PLP will use political capital to execute overdue policy change
The Government's announcement that it will relax requirements for permanent residence should be welcomed, although it will be likely criticised from both ends of the political spectrum.
Pro-business advocates and supporters of the One Bermuda Alliance have said with some justification that it has taken the Progressive Labour Party far too long to acknowledge the need for immigration reform. Further, they are already noting the hypocrisy of the party, which opposed similar reforms six years ago.
The latter criticism will be made also from the grass roots of the PLP, which will question how it is that a party that has spoke the rhetoric of “Bermudians First” for years can now talk about the need to relax immigration.
At best, this is a belated recognition of reality, laid bare by the economic crisis wrought by Covid-19. A more sceptical view would hold that this is an utterly cynical move by the PLP, which knew full well what needed to be done, but misled its supporters into believing there was another way for Bermuda to attain economic growth without relaxing immigration controls.
Jason Hayward, the labour minister, would be quick to point out the reforms are not as far-reaching as the much maligned Pathways to Status that the OBA tried and failed to pass in the teeth of wide public and PLP opposition.
He is correct in that these decisions offer a path to permanent residence, not status, but apart from the right to vote — and that's a big exception — the proposals are quite similar.
And again, it is a matter more of tone and language in making this announcement, rather than the details of the policy change.
The finance minister, Curtis Dickinson, who certainly comes from the more conservative wing of the party, said: “The notion that the Government can pursue international economic openness by insulating the economy from changes to immigration laws is incorrect.
“As with all residents, long-term residents add to the labour supply, they consume goods and services, thereby creating jobs. In other cases, they may be job creators. More importantly, they are our friends, our families, and our neighbours. People we see and interact with on a regular basis.”
After discussing Bermuda’s declining birthrate and shrinking working-age population, he added: “In that context, together with the Government’s aspiration to rebuild the economy, in a manner which is consistent with its economic recovery plan, now is the time to accelerate immigration reform for long-term residents within three areas identified by the Ministry of Finance together with our widely recognised specialists on international economics, the Fiscal Responsibility Panel, as follows:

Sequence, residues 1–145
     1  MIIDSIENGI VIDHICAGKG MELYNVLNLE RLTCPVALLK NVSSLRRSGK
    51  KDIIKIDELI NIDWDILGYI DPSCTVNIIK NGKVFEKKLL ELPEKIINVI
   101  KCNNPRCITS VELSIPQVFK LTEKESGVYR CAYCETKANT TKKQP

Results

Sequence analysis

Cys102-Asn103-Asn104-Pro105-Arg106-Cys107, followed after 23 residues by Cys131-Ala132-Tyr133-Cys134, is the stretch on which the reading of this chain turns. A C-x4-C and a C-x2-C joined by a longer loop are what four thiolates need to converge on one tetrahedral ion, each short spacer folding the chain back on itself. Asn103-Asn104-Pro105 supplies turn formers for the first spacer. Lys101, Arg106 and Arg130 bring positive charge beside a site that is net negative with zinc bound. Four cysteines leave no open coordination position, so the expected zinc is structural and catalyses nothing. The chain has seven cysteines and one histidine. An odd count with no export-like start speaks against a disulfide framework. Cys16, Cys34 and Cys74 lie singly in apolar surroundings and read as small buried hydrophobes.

• Rising healthcare costs
• Rising costs of support for the elderly
• The underfunding of pension schemes”
Mr Dickinson’s point here, apart from sounding eerily like former OBA minister Michael Fahy, is that apart from expanding the economy and creating jobs, the presence of non-Bermudians and younger Bermudians, especially, is critical to contain healthcare costs and to support the elderly Bermudian population.
In other words, if the working-age population is not increased — and this can happen only through immigration — healthcare costs will skyrocket, finding ways to support the elderly will become harder and pension schemes will run out of money because more will be taken out of them than is being put in.
Mr Dickinson, as mentioned earlier, is from the conservative wing of the PLP and was a banker, so it may not be a surprise if he holds these views.
But Mr Hayward has been traditionally viewed as coming from the labour wing of the party and is a founder of the People’s Campaign, which fiercely opposed Pathways to Status.
While slightly more circumspect than Mr Dickinson, Mr Hayward said this: “Many non-Bermudians have embraced, integrated into, and contributed to Bermuda for an extended period. These non-Bermudians should be afforded some level of security to enable them to remain.”
He also reiterated the Government’s pledge to put in place “simplified, fair, and modern“ immigration legislation and has also acknowledged that this cannot be simply a matter of dealing with new arrivals to Bermuda, but also acknowledging those who have been on the island for some time.
Inevitably, there will be haggling over details of this policy change.
Promises to allow parents of Bermudian status holders to remain in Bermuda after the child reaches adulthood and to allow children of second-generation Permanent Resident’s Certificate holders to also have PRCs are relatively straightforward.
People who have spent 20 years in Bermuda will also be eligible for permanent residence. For those born in Bermuda or who came at an early age, it is not clear yet what an early age means.
But Mr Hayward was unambiguous on the broad policy. He said: “The Government proposes to expand the eligibility criteria for the granting of a PRC to include any person who has been ordinarily resident in Bermuda for 20 years or more.”
For a government that is already running into opposition over mandatory supervised quarantine and school closures, this is a major test of its ability to pass big changes.
This is the right policy and it can be argued that only the PLP can make these changes, but this will require a large expenditure of the Government’s deep political capital. But that is presumably why David Burt, the Premier, held an early election and it is what a 24-seat majority is for.